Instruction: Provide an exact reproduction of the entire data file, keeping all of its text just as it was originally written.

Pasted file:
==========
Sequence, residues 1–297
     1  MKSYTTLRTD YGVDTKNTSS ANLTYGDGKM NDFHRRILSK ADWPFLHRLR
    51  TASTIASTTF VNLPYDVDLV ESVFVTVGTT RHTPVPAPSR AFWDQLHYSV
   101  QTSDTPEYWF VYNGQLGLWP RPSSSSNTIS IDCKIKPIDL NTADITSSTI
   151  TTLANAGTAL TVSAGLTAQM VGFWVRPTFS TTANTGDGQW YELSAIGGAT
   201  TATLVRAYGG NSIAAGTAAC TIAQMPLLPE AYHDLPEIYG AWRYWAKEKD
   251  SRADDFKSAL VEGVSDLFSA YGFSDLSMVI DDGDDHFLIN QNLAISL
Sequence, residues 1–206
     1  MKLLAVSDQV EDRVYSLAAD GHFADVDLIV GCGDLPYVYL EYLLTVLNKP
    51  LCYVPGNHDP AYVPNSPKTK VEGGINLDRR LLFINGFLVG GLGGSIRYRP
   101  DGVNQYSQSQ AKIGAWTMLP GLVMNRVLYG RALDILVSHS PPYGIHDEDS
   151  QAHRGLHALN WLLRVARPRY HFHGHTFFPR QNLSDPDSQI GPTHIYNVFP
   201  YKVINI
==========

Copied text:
Sequence, residues 1–297
     1  MKSYTTLRTD YGVDTKNTSS ANLTYGDGKM NDFHRRILSK ADWPFLHRLR
    51  TASTIASTTF VNLPYDVDLV ESVFVTVGTT RHTPVPAPSR AFWDQLHYSV
   101  QTSDTPEYWF VYNGQLGLWP RPSSSSNTIS IDCKIKPIDL NTADITSSTI
   151  TTLANAGTAL TVSAGLTAQM VGFWVRPTFS TTANTGDGQW YELSAIGGAT
   201  TATLVRAYGG NSIAAGTAAC TIAQMPLLPE AYHDLPEIYG AWRYWAKEKD
   251  SRADDFKSAL VEGVSDLFSA YGFSDLSMVI DDGDDHFLIN QNLAISL
Sequence, residues 1–206
     1  MKLLAVSDQV EDRVYSLAAD GHFADVDLIV GCGDLPYVYL EYLLTVLNKP
    51  LCYVPGNHDP AYVPNSPKTK VEGGINLDRR LLFINGFLVG GLGGSIRYRP
   101  DGVNQYSQSQ AKIGAWTMLP GLVMNRVLYG RALDILVSHS PPYGIHDEDS
   151  QAHRGLHALN WLLRVARPRY HFHGHTFFPR QNLSDPDSQI GPTHIYNVFP
   201  YKVINI